Sierra County’s future might lie in the hiss of steam.

There are few things in this world more romantic than a steam locomotive. The gentle chu-chu-chu of the engine, the ballet of steel as the drivers whirl and piston blurs, the image of people at ease in the gently rocking cars as outside barns and cattle and farmers on tractors and rising flocks of birds pass in an endlessly changing panorama.

We want that here, that image of plenty and peace; with No. 8 pulling people in such pleasure past our fields and pastures, how can prosperity not follow the train to the station?

The Ocho
But, those who stayed sober at the Short Line Railroad meeting before the BOS the other day noticed something: zeros, lots and lots of zeros. What would its first night in the county cost us? How much to transport, secure and prepare a building, get permits and so on? The dollars would fly in tens and hundreds of thousands. And, any train lover will tell you, a train is a living thing, it needs to move to stay in health, even John Tyson was quick to say, "this is not a static display, it is a working locomotive." It’s a complicated piece of iron, fast to become a rusty piece of iron.

Read More interesting information on Number 8 HERE
How much to go the first mile of track across the valley? Track is expensive to maintain, and equipment and expertise are needed. There are agreements to be completed, and the ever present permits we brave Americans need to do anything in the Land of the Free.

John Tyson was quick to say, "the railroad will never make money" but he wove a dream: prosperity follows it. But, what does Tyson know about it? About the railroad not making money, we agree, he’s an expert. But, where is his evidence that our location would be a natural draw? Where is our evidence that growth, the "G word" as Tyson said, would follow?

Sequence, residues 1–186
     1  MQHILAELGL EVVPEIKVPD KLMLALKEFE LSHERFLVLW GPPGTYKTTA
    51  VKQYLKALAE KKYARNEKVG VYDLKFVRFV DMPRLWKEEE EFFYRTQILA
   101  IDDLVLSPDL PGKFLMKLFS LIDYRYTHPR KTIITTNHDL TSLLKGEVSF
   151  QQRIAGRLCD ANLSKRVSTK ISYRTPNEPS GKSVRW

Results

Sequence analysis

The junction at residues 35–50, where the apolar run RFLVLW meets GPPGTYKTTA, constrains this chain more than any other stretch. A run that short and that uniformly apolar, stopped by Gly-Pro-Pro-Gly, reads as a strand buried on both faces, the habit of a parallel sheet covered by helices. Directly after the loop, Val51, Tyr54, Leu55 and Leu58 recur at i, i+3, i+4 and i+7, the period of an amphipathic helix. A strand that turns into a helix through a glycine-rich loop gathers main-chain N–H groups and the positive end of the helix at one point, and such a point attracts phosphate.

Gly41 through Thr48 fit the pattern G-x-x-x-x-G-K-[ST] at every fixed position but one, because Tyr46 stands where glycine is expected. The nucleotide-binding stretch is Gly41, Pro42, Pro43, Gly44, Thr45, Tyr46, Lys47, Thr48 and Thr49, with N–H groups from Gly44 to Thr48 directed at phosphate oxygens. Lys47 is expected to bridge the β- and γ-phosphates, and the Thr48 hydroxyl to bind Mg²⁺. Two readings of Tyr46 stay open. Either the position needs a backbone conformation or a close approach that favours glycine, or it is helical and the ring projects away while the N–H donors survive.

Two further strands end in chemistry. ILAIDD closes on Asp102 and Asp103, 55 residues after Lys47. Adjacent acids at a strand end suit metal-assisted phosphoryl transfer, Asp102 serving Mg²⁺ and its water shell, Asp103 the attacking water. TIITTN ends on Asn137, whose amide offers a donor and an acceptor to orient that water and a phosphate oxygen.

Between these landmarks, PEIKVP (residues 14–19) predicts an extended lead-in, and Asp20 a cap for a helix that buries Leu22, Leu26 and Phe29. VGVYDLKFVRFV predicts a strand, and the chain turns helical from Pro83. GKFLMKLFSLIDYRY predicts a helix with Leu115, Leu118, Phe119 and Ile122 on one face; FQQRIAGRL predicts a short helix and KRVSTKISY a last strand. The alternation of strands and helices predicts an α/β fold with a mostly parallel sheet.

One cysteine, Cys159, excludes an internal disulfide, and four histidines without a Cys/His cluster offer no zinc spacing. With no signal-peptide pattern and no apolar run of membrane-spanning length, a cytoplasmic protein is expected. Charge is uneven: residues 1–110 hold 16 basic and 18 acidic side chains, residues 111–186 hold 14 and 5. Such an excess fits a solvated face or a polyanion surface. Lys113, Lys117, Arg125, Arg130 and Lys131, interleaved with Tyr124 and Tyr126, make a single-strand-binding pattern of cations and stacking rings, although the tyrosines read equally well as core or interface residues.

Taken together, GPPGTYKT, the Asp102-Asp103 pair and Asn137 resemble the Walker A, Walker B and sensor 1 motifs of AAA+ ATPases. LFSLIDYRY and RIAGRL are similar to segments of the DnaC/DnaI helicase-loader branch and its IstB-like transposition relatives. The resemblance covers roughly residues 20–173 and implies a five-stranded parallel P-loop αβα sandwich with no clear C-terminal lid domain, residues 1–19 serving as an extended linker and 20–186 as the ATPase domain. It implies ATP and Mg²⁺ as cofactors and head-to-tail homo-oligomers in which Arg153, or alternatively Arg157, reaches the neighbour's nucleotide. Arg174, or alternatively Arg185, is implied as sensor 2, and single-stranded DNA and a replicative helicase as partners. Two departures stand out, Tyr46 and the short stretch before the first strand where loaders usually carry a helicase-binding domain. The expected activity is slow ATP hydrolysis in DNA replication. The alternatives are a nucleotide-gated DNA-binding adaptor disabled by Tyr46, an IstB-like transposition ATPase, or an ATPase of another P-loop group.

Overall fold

Consider the V&T, which with John is familiar. It runs from Carson City to Gold Hill, is within an hour of Reno, Lake Tahoe and Gardnerville-Minden and not much more than an hour from Sacramento. It is literally in a triangle of casinos and brothels. It is located in a world famous ghost town and tourist trap. It has been in steady development for 35 years and goes 16 miles. There have been millions and millions of dollars poured into the V&T, there is a state commission overseeing it. There are hundreds of volunteers scraping rust and oiling metal. Most of it was accomplished by the well-to-do bending elbows and shaking hands, and it happened at a time of prosperity.


Photo: the well-heeled play choo choo. Maybe, if we all chipped in, we could afford 12 new fiberglass handled shovels.

In fairness, the V&T line is built from scratch, over virgin ground, and includes rebuilding tunnels and a bridge over Highway 50; none of those impediments face the Feather River Short Line.

Finally, did Carson City grow because of the project? Is Gold Hill (a famous ghost town next to a more famous ghost town, Virginia City) enjoying growth?

Now, consider Loyalton, where it is, and who lives here. Where is our draw, Portola, who already has a railroad draw the Loyalton line would be in competition with? Partner with the Plumas group? Why would they do that? They’re a Western Pacific Railroad endeavor, and they state they are interested only in that line. They’ve spent years developing their funding sources, what does Loyalton have to offer besides a rapidly rusting locomotive? The Plumas group already has a project, and they run diesel locomotives, no one in her right mind would run a steam locomotive, they rust while you’re watching.

As far as grants, look around! There aren’t many grants left, and those that are left are going to social service and economic development projects, because it isn’t only in Loyalton nobody can get a job.